German gas supplies hit by Moscow-Kiev row
2 January 2006, BERLIN - German energy giant E.on Ruhrgas said Monday it had been hit by cuts in natural gas arriving from Russia via a pipeline through Ukraine which had its gas supply halted by Moscow at the weekend after a bitter disagreement over pricing.
2 January 2006
BERLIN - German energy giant E.on Ruhrgas said Monday it had been hit by cuts in natural gas arriving from Russia via a pipeline through Ukraine which had its gas supply halted by Moscow at the weekend after a bitter disagreement over pricing.
"We are clearly receiving less (gas) than has been planned in our contract - but we cannot yet give any exact figures," said Ruhrgas spokeswoman Tatjana Dreyer in Essen.
So far the deficit could easily be compensated in Europe's biggest economy, she added.
The Berlin government called Monday for a compromise between Russia and Ukraine in the gas dispute while insisting that Germany - which is heavily dependent on Russian natural gas - is not taking sides in the row.
"There is no finger-pointing from our side," said Martin Jaeger, the German Foreign Ministry spokesman.
Germany imports 35 per cent of its total natural gas from Russia. Of the 37.7 million apartments and homes in Germany over 47 per cent are heated with natural gas, said John Werner of the Federal Association of the German Gas and Water Industry (BGW).
Aribert Peters, head of Energy Consumer Association in Bonn, said Germany was clearly dependent on Russia for gas. "It would be better if this was less the case," he admitted.
German officials had phoned with senior government members in both Moscow and Kiev, said deputy government spokesman Steg who stressed, however, that Berlin was not seeking to play mediator role in the dispute.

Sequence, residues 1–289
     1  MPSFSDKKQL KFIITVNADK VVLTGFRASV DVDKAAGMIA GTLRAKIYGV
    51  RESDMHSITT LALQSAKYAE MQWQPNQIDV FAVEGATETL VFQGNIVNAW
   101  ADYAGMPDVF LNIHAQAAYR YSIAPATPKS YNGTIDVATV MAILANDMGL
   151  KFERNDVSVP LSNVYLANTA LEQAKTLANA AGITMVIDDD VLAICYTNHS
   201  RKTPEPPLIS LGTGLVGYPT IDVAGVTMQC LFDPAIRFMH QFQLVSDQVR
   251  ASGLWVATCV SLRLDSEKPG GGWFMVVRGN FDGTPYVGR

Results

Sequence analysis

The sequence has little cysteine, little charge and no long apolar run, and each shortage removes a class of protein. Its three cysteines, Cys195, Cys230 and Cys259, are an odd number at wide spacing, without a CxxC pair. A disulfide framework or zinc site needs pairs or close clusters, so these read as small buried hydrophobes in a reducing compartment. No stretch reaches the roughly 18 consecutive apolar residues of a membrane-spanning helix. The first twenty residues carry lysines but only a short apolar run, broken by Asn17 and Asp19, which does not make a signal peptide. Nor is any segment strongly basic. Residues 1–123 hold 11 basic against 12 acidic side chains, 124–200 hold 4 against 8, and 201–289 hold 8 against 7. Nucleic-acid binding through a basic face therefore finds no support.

Steg noted the cut-off of Russian gas to Ukraine had not happened overnight and that the run-up to Moscow's decision had come over the past years. Russia's state-owned Gazprom wants Ukraine to immediately start paying normal market prices for natural gas. This has been rejected by Kiev.
Economics Minister Michael Glos said despite the Russian gas reductions there was no reason for alarm and that supplies for the winter were secure despite the fact that most of the German gas from Russia comes via a pipeline crossing Ukraine.
Russia has accused Ukraine of stealing gas from the pipeline, an allegation strongly denied by Kiev.
Germany has sufficient gas reserves, which are always raised before the winter months, said an economics ministry spokeswoman, adding that even if supplies from Russia were to be totally cut off, Germany had 77 days worth of gas with extra deliveries from Norway and the Netherlands.
Steg said a planned Russian-German natural gas pipeline running through the Baltic Sea - which was agreed in September - was not put into question by the Russian cut-off to the Ukraine.
The 4 billion euro (4.7 billion dollar) gas pipeline will increase German dependency on Russian gas to up to 50 per cent. It will be 51 per cent owned by Gazprom and 49 per cent by German utilities.
Subject: German news